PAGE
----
An American cable television company granted share options to a dead executive, and pretended they were given to him before he died.
The admission by Cablevision is one of the strangest revelations so far in the options backdating scandal that has outraged Wall Street and tarnished more than 100 firms.
The company said it had discovered an inappropriate share option grant to a director understood to be Marc Lustgarten, a former vice-chairman, who died from cancer in 1999. Mr Lustgarten's widow would have been able to bank the profit when the options were exercised by his estate. After Mr Lustgarten's 24 years with the company, he had become a close confidant of Cablevision's founders, the Dolan family.
The company declined to comment beyond a formal statement late on Thursday. It remains unclear whether the posthumous grant was meant as an act of generosity to his widow or whether it had been done to disguise the backdating of other executive options.
Cablevision is the No 5 cable company in the US. Its media interests also include the New York Knicks basketball team and the city's Madison Square Garden sports venue. It is one of several dozen companies being investigated by the Securities and Exchange Commission (SEC) over backdating options. It is also facing a federal investigation, and now says that the cover-up meant its financial results overstated profits by a total of $89m (£47m) over ten years. Two Cablevision board members - one each from the remuneration and audit committees - resigned late on Thursday because of the scandal.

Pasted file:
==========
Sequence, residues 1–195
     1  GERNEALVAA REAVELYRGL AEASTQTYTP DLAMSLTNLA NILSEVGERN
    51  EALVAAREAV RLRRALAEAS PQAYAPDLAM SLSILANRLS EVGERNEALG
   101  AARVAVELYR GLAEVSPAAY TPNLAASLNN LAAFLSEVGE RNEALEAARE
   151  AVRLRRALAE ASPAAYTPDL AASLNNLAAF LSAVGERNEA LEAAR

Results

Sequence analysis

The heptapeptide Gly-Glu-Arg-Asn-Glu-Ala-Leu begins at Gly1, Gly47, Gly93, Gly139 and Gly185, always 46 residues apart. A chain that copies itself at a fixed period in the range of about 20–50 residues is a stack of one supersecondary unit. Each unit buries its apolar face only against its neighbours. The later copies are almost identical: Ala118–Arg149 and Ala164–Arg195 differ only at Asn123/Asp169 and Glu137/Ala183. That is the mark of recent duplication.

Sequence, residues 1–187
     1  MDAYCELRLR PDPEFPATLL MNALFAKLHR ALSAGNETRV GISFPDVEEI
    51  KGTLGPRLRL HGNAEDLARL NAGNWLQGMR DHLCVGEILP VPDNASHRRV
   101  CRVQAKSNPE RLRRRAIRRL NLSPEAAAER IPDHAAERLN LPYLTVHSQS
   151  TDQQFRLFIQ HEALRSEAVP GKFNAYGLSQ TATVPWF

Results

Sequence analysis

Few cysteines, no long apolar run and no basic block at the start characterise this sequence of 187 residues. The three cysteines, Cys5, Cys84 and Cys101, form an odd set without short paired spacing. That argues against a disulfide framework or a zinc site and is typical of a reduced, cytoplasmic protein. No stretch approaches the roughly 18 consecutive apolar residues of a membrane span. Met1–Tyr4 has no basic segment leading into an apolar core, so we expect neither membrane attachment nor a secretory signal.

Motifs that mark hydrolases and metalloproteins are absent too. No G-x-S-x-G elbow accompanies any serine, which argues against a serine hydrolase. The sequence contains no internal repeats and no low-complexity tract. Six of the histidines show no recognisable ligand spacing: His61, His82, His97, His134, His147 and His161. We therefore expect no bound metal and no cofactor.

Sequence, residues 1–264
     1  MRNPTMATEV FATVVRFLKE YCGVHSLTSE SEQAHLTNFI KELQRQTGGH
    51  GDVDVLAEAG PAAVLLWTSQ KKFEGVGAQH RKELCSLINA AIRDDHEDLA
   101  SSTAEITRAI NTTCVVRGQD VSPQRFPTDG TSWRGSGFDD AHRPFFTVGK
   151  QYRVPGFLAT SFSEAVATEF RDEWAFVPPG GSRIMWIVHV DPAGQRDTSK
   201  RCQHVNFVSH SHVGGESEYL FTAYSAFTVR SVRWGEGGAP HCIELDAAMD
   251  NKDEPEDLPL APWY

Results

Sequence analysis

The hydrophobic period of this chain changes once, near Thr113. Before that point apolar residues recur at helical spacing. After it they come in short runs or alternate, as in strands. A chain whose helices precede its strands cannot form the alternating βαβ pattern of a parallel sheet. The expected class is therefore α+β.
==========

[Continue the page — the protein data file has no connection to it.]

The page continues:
The company admitted that it routinely "turbo-charged" executive remuneration by pretending share options were granted on days when the share price was low to maximise the potential profit when they were exercised.
It also said that an outside consultant advising on remuneration had been granted backdated options as if he were an employee.
The most high profile company under investigation by the SEC is Apple, whose chairman, Steve Jobs, was granted an option over10m shares, dated on the stock's lowest point in January 2000.Reuse content